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Feb 05

Winning to the Extreme in Pro Golf

Winning to the Extreme – Hard to do in Pro Golf

Another Phoenix Open has gone by, but not a soul who watched Phil Mickelson dismantle the scoreboard yawned. This was no ho-hum golf tournament, and the mammoth crowds expressed themselves in a way befitting their size. On sports radio, I heard Tom Flores, Superbowl winning coach and quarterback for the Oakland Raiders, celebrating that, and I agreed wholeheartedly. So long as I’m not in mid-swing, let ‘er rip – acceptable language though, please. I have often felt that the players should be held to a stricter standard, but for today’s tour, that seems to have been done away with, beginning in tennis with McEnroe and Nastase.

Phil1All that aside, however, my big question for Phil Mickelson is, “What does a guy gotta do to blow away the field in this game?” The man opened with a 60, for crying out loud. In my world, I could have played his next three rounds and still won, but he was still being chased, despite four sterling rounds. The answer is obvious. My world is no great shakes. The magic lightning bolt hits once in a while, but on the tours, men’s and women’s, there are hundreds of golf angels up there playing with the strings, and on a moment’s notice, anyone of them down below could catch fire while the leader gets four-putted out of there. Playing the best golf of which you are capable is no guarantee that one of your colleagues won’t have a day like that at the same time – in fact, the probability is likely. So, congratulations for Mickelson for not only playing four sensational rounds, but for the nerve it took to hold people like Snedeker off. Twenty-eight under? Give me a break. The runner-up at twenty-four under? Give me another break. Those are NASA numbers to one such as me.


I have made the mistake, from time to time, of feeling badly for Phil. Oh dear, he’s forty-five years old, flailing away in a young man’s tour. Maybe he can summon one more week of his former glory if we all close our eyes and wish real hard. Forget it – Phil Mickelson has so much natural ammunition left that I don’t think he’s even close to done. And, when he does enter the Champions, it could be lights out for a while.

Incidentally, Phil won $1,116,000 for his efforts this week. Let’s see – in federal and California taxes, that’s…well, never mind. Suffice it so say that winning a lot offsets much of the tax man’s intrusions.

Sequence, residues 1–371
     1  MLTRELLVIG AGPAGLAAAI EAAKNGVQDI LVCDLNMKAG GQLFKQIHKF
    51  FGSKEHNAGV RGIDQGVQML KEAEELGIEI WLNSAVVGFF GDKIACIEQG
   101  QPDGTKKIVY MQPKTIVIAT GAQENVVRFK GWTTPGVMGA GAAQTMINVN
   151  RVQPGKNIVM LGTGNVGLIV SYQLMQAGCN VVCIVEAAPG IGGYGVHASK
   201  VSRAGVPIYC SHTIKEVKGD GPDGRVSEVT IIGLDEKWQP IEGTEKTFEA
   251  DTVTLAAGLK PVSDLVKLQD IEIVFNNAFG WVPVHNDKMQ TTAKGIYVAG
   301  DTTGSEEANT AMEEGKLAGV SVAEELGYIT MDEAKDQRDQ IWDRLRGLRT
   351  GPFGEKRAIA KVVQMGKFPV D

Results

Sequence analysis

karrie 1Another extreme went down this week for the women, on the other side of the world. Karrie Webb, Australian golfer, one of the finest anywhere, won the Australian Ladies Open…again. She won it for the 8th time. If that’s not extreme winning, I don’t know what is. Where Phil followed the “Secretariat” style – open a lead and never give it up, Webb proved why she is this generation’s “shark” from Australia, birdieing 14 to take the lead in the fourth round, and forging ahead as the strongest finishing player. T
Winter Flight Deals - WINTER15The tournament was played on the Gold Coast Resort course, where Webb has had four second-place finishes. This year’s tournament was problematic, prepared by twenty-four inches of rain. The winner, born in ’74 and turning pro in ’94, has 38 wins on the LPGA, and a bunch in other places. She’s in the World Golf Hall of Fame, was the European Tour’s Rookie of the Year, and tends to be special in majors.

The extreme part? By winning the Aussie event, Madame Shark tied Sam Snead for the most wins of a single tournament. Sammy won the Greater Greensboro Open eight times.

With people who can play on this level, there’s no taking the fourth round off and assuming anything. The magic can hit anyone on these tours, and that makes for an extremely satisfying four-day event.

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About the author

G.F. Skipworth

has spent every available moment playing golf or studying the greats since the 60s, in between world tours as a classical musician, Harvard studies in Government or as the author of a dozen novels. Nicklaus and Snead may be the statistical greats, but Skipworth is a life-long devotee of Gary Player, and considers meeting the South African at the Jeld-Wen to be an unforgettable milestone. His driving passion in golf these days is to raise viewer interest in the LPGA.